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Monday, 12 June 2017


Waiting For Godot is a celebrated play by Samuel Beckett in which two characters, Valdimir and Estragon, are waiting for a person Godot who never arrives. The Ball Administration serves as parody for the tragicomedy. Like the government, as one writer says of Waiting For Godot, “the sheer emptiness and randomness of the plot causes the audience (or reader) to wonder if anything is going to happen”.

Ball and Coady especially resemble Valdimir and Estragon though possibly the tramps, Didi and Gogo, too because, like them, they seem to have no part to play.  

Our play departs from Beckett’s a little, but only because Coady can expect an appearance from the Auditor General, just not with the package she pretends he is carrying.

The Minister knows he will offer no guidance on the “falsification” issue over which Nalcor’s whistleblower has sounded the alarm. Her performance is simply the pretense that he will.

The CBC posted a story on November 11, 2016 stating that Auditor General (A-G) Terry Paddon had “… told the media… his staff will take a look at Nalcor Energy, a review which could possibly include the Muskrat Falls hydroelectric project.”

The CBC said that the AG was “not quite clear what [he] will be looking for,” adding:

"We will go in with as broad a thought process as possible, and sort of look at a wide range of areas… You could look at procurement, you could look at compensation, you could look at business processes, those sorts of things."

Fast forward to May 11, 2017.

Natural Resources Minister Siobhan Coady, in another CBC article co-written by reporter Rob Antle and Morning Show Host Anthony Germain, had the Minister on record responding to the Nalcor whistleblower. The professional engineer had “called for a forensic audit, to find out why early cost projections for the hydro megaproject were “ridiculously low””.

The CBC recorded Coady stating that government “… officials are waiting for the auditor general to finish a broad review of Nalcor Energy first”.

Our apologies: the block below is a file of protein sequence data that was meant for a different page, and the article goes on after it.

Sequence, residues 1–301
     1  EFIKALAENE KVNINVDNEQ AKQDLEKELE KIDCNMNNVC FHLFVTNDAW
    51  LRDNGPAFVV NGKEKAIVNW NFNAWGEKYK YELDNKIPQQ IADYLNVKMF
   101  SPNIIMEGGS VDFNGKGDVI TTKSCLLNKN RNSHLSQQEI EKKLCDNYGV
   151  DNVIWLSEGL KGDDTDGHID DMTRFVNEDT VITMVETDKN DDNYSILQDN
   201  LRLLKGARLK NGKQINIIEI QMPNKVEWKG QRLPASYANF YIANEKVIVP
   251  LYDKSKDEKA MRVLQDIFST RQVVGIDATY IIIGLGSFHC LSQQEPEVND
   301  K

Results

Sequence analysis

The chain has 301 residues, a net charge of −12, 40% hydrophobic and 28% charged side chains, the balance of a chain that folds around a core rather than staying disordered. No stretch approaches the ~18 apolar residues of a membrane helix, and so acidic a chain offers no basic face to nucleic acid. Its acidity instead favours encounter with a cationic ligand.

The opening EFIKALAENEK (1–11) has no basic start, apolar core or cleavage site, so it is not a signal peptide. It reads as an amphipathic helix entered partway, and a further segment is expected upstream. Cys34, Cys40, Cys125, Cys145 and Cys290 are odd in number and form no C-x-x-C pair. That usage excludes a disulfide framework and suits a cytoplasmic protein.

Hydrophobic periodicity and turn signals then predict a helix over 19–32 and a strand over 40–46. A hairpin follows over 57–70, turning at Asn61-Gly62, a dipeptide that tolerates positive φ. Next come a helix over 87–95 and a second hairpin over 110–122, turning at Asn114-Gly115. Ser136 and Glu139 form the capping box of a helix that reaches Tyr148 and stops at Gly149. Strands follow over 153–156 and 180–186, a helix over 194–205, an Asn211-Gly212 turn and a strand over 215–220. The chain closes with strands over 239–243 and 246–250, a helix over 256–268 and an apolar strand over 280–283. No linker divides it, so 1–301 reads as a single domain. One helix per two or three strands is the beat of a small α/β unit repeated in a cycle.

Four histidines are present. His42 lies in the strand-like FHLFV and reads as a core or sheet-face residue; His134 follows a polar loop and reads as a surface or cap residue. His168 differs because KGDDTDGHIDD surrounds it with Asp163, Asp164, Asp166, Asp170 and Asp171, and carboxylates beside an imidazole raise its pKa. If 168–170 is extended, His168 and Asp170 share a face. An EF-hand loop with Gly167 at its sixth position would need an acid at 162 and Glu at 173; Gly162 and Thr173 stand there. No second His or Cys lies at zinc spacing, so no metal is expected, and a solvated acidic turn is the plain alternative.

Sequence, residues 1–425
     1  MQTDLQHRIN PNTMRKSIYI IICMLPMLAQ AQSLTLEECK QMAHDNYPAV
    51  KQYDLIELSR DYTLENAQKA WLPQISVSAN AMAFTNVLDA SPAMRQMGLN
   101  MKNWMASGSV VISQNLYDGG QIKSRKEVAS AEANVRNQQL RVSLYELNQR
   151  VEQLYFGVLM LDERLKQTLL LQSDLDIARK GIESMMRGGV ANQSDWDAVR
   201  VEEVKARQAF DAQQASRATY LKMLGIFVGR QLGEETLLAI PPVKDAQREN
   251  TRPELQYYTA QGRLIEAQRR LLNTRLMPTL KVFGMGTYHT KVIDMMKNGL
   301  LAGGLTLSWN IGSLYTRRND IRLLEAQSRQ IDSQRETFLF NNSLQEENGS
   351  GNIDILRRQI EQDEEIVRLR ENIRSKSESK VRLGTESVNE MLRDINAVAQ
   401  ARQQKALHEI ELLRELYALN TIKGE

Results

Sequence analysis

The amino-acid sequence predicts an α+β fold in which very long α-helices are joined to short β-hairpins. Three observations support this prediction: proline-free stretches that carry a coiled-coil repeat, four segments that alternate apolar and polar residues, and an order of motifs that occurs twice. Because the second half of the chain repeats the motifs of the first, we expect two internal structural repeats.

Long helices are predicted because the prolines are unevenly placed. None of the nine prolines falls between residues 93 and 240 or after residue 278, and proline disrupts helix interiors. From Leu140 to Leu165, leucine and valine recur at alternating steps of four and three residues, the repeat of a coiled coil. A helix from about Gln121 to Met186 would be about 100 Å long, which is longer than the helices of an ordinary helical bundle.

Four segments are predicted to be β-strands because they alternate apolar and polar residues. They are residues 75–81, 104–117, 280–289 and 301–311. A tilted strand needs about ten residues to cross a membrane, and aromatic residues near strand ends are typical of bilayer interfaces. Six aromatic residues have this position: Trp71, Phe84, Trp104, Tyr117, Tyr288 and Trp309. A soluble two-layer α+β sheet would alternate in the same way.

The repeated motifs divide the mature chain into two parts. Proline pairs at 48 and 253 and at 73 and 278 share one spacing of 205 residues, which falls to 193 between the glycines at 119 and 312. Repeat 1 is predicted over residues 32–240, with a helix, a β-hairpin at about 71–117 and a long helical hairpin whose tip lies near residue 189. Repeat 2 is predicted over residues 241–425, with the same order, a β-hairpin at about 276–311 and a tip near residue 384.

Certainly not opposed to looking at a forensic audit, said Coady,… we have a lot of questions ourselves.

Continued the Minister:

We're going to look at what the auditor general does uncover and talk to [him] at the time, and then consider how we move [forward], what's the next steps from there.

Readers of WHO IS DWIGHT BALL AFRAID OF?  will recall that I recently called attention to the A-G’s vague plans and suggested that “Coady comments transmit the unmistakable odour of delay”.  

Talk about timing…

I received an email from Independent MHA Paul Lane on Thursday, June 8, 2017. En passant, Mr. Lane said that he had spoken with Auditor General “Terry Paddon last week” and “he is not looking into anything related to MF [Muskrat Falls].  He is doing a more general look at staffing, procurement policies, etc” with respect to Nalcor.

Making sure that I was not giving away any confidences, I replied to Mr. Lane asking permission to use his exchange with the A-G. I receive his approval together with the suggestion that Coady was using the AG’s review as “the excuse to do nothing and hope it blows over”. The MHA should be a Playwright!

Lane stated further that he hoped that one of the reasons that the A-G is looking at Nalcor is “because of my constant phone calls, emails, face to face meetings and the literally hundreds of people I got to call his office, email him, etc. He has a file 8 inches thick.”

Fair enough. The Member had made a claim to which he is entitled. 

That said, discretion is a watchword of the Auditor General as it is of or any “oversight” institution. Equally, I am well aware that Independent Members get the chance to share far less information than a Minister or a Premier. As you ascend the pecking order of politicians, those in government have far more advisors and whisperers.

Certainly, if the A-G tells a single Member about the scope of an Audit when  allegations of falsification so serious that they may amount to criminal fraud — are swirling around the province, you might expect that Minister Coady has made it her business to know, too unless she is in a far greater state of denial than Vladimir and Estragon which, admittedly, is likely.

For the Minister to say that she is waiting for what the Audit uncovers knowing, as she and the Premier must, that the A-G is not looking at Muskrat Falls at all, is tantamount to “ghosting”, as one writer said of Vladimir and Estragon as they await the arrival of Godot.

The only other difference is that Ball and Coady pass the time with bafflegab, rather than insults and fitness routines tools of dither which Beckett gave his characters the two politicians hopeful that a forgetful public awaits only a reluctant summer.

Of course, it is possible that Paul Lane didn’t actually speak with the A-G at all and that, like Beckett’s characters, his encounter with the province’s auditor was merely an imagining.

Far more likely, Coady is awaiting something that will not arrive today… but surely tomorrow!